Let's say during one person's online history he created three websites, all registered in his name and those three sites acheived homepages of PR9, PR8, and PR7. These sites were not related but all acheived high rankings and ended up with lots of traffic.
Let's say this personn created a fourth site. Would Google look at domain registration information and say "hey, this guy has created three previous sites that all became very important" and then elevate this new fourth site in some favorered way?
On the other side of the tracks let's say another guy had previously registered 50 domains, some of which were banned by Google, some of which were very spammy, and all of which never gained high homepage PR, and were all judged by Google as lacking in merit, in whatever why Google may record such data.
Let's say this guy who created so many bad sites in the past now creates a new site. Would Google look at past domain registration history and then rate the new site as "not worthy"?
An analogy for this might be "safe driver" and "habitual offender". Some States allow a driver 12 or 15 points against their drivers licenses over a period of one to three years and if you exceed those number of penalty points your license is revoked for your being a habitual offender. Some vehicle insurance companies offer safe driver discounts for drivers that never get in accidents or get moving violation points against them.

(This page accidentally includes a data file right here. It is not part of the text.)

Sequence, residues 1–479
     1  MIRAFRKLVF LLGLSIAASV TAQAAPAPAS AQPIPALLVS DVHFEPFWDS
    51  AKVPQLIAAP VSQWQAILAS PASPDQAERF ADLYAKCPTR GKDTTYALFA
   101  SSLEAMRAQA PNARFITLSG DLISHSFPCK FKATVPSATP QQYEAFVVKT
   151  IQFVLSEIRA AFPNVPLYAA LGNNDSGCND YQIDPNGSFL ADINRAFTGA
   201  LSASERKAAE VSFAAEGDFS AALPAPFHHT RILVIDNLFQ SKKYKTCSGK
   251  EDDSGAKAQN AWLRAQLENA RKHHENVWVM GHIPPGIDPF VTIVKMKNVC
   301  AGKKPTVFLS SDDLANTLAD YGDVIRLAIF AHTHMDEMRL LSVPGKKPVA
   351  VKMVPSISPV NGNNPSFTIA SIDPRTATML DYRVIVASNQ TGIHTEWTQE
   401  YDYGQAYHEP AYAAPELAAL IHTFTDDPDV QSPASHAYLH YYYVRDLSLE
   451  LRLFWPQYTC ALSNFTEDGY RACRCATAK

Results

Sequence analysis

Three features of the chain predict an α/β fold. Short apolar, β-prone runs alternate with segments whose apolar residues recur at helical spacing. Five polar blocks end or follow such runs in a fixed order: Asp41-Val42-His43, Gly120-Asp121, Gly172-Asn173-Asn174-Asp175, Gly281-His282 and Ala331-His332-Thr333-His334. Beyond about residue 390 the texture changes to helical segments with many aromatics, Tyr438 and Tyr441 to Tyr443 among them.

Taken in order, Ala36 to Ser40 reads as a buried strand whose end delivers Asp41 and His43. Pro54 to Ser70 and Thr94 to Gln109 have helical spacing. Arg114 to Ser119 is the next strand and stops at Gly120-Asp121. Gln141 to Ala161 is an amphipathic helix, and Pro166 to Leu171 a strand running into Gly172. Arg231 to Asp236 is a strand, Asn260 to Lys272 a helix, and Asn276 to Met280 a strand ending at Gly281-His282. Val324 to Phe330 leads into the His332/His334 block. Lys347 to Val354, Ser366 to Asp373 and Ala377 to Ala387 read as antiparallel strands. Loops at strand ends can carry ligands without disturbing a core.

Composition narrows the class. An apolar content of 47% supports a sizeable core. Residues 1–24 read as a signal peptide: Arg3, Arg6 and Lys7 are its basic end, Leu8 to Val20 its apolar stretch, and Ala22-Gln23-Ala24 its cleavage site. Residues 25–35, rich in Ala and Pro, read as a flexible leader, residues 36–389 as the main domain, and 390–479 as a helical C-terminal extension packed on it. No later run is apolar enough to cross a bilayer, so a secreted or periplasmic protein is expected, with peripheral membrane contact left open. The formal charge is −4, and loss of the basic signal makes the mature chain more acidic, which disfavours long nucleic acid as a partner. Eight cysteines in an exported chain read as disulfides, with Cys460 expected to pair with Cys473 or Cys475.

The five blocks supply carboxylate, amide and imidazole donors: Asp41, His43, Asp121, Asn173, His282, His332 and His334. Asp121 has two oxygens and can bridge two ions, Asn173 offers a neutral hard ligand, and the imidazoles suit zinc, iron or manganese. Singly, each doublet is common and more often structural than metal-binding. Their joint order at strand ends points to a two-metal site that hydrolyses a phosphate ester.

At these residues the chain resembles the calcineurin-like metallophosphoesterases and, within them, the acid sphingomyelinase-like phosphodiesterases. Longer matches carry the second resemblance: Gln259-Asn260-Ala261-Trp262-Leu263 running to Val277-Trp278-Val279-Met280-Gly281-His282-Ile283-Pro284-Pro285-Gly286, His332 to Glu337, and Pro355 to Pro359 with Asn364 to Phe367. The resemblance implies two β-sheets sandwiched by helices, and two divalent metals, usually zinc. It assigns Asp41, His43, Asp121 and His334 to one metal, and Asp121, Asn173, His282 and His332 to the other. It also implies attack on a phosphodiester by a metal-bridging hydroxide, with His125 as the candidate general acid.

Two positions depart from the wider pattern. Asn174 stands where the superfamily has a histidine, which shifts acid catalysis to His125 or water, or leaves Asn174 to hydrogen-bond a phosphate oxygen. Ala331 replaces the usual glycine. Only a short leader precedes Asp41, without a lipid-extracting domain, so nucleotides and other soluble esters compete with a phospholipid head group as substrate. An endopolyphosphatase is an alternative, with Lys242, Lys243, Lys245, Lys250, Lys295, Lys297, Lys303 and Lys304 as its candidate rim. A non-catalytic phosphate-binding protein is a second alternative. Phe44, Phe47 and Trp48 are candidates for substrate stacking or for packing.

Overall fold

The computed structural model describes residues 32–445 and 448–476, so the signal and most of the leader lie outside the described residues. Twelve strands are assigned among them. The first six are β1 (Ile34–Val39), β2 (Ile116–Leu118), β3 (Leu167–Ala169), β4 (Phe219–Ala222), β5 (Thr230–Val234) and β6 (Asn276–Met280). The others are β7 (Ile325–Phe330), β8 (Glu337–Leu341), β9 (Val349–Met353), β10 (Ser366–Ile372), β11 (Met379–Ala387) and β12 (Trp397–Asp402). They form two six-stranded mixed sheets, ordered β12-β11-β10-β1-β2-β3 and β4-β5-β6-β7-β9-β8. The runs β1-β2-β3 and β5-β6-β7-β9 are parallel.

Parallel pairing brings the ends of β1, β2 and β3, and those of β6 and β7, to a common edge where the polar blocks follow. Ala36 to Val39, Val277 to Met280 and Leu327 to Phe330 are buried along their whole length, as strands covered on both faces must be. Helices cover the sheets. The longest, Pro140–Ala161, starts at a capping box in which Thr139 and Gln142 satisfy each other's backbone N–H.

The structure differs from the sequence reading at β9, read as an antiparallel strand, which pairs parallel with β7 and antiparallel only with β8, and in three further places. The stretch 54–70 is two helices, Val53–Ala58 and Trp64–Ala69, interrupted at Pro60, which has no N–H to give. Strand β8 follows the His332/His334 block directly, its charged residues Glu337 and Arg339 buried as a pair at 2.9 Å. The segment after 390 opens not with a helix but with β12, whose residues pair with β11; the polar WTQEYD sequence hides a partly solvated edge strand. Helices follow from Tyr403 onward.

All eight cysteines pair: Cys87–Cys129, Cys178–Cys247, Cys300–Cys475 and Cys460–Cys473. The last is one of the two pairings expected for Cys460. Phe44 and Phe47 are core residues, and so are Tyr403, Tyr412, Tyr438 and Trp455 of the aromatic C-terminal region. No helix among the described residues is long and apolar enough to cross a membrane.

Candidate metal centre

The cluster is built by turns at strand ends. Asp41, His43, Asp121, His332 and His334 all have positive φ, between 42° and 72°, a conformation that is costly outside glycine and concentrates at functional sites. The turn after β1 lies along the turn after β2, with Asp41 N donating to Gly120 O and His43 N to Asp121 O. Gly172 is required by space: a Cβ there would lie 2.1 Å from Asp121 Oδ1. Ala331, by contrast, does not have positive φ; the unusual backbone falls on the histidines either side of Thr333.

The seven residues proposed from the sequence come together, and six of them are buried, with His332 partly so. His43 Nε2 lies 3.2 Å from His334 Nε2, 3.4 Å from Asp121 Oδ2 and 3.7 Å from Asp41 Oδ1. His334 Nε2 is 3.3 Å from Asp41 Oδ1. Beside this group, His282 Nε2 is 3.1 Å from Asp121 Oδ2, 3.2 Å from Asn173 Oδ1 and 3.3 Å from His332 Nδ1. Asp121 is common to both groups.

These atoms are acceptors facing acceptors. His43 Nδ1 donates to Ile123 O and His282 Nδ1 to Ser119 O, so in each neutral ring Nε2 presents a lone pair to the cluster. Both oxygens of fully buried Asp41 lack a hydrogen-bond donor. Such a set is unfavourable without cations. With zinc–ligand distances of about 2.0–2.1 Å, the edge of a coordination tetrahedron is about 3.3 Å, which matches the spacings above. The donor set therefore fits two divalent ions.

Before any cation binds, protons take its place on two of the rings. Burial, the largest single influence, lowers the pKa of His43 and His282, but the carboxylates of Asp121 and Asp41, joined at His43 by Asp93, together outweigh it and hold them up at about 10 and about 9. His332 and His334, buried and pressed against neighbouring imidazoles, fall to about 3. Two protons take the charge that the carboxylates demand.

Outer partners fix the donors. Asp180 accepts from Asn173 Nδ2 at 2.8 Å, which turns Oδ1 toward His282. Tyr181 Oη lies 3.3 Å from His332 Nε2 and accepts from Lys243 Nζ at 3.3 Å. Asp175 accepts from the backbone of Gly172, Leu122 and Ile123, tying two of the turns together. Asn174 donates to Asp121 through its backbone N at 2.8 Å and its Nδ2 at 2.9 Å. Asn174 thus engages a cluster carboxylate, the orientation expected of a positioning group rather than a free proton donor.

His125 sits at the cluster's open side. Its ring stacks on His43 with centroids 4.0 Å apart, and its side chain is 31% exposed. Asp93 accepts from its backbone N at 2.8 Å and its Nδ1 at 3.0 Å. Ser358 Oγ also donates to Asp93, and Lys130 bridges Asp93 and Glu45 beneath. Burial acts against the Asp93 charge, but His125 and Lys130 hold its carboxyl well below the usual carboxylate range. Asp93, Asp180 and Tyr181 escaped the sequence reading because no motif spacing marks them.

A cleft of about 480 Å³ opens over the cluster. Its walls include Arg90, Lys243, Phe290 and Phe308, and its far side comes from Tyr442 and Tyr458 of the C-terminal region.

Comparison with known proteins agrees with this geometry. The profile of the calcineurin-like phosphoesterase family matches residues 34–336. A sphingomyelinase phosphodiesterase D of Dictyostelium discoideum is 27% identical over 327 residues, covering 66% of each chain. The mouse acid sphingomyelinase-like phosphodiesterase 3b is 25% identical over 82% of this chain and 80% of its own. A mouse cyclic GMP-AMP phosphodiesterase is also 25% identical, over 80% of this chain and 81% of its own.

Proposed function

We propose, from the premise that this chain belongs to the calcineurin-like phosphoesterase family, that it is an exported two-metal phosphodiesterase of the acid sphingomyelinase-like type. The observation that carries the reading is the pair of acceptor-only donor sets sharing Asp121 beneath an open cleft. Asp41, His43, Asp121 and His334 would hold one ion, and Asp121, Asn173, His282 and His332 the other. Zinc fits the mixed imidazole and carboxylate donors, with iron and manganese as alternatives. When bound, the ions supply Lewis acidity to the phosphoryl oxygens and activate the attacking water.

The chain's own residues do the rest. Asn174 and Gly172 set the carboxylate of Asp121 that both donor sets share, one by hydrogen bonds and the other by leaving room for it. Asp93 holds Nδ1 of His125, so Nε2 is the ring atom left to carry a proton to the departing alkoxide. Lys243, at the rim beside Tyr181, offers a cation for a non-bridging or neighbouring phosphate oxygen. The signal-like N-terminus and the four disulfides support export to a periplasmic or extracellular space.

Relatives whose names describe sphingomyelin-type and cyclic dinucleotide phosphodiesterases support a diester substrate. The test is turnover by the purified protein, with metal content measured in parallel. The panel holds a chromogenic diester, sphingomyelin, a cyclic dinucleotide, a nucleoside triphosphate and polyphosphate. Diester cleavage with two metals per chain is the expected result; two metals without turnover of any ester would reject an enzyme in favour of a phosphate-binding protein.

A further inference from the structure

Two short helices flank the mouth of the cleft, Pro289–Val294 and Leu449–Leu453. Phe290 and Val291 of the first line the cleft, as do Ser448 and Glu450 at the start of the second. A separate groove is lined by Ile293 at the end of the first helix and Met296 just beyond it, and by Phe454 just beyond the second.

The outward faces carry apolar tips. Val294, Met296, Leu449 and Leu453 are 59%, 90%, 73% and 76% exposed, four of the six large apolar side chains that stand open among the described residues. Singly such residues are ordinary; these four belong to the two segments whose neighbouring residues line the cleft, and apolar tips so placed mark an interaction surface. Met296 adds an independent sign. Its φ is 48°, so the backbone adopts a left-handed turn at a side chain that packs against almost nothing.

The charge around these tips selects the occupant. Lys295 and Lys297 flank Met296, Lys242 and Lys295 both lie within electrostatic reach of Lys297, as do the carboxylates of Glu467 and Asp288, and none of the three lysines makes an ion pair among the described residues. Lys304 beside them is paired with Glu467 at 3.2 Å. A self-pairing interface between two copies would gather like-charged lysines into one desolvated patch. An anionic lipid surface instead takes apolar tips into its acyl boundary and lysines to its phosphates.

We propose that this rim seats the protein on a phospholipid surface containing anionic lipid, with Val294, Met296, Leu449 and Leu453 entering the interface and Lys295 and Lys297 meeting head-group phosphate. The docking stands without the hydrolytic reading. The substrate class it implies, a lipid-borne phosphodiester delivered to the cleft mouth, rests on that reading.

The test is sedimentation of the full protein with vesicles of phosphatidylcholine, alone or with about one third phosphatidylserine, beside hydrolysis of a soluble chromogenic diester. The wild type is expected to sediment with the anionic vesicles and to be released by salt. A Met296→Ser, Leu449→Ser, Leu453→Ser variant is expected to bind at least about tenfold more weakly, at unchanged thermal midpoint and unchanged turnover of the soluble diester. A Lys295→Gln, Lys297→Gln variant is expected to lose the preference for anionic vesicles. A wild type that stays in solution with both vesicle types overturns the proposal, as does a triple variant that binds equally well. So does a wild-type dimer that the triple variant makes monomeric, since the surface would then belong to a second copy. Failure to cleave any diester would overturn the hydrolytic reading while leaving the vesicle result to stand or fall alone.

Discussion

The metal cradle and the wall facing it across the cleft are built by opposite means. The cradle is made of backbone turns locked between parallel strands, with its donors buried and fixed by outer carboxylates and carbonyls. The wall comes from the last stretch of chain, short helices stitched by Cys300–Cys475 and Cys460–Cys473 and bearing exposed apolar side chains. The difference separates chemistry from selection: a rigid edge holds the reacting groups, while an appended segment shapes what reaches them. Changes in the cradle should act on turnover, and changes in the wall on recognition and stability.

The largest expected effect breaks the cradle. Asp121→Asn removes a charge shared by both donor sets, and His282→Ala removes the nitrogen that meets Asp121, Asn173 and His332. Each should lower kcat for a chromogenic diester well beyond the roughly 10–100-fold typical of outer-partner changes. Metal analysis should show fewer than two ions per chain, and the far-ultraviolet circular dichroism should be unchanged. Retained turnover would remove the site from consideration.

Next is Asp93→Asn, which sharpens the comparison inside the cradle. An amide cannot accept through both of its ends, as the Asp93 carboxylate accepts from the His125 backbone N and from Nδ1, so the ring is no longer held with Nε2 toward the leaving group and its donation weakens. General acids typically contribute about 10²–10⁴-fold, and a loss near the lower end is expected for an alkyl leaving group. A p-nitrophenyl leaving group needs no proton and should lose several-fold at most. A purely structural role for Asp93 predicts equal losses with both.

Another analogy might be two men, each with four children. The first mans' first three children grow up to be an attorney, a physician, and an astronaut. The second man's first three children grow up to be a murderer, a rapist, and drug dealer. Would it be reasonable for Google to conclude it would be unlikely that the first man's fourth child would grow up to be a derelict and that the second man's child would grow up to be a responsible and productive member of society?
Might it be that Google could be using domain registration information in a similar manner, boosting new sites from domain owners with proven past quality records and demoting new sites who's domain owners have proven wreckless in the past?
The reason I ask is I have a client who for valid business reasons wants to split his business into multiple websites and drop work on the current ones. He's on the verge of having some effective and well ranking sites and he just wants to stop working on them and start off on some others. I'm just wondering if doing so might establish for him a bad track record that could impair future performance of his new sites.
If Brett started a new site, would Google say "hey this is the guy that did WebmasterWorld, this new site must be important"?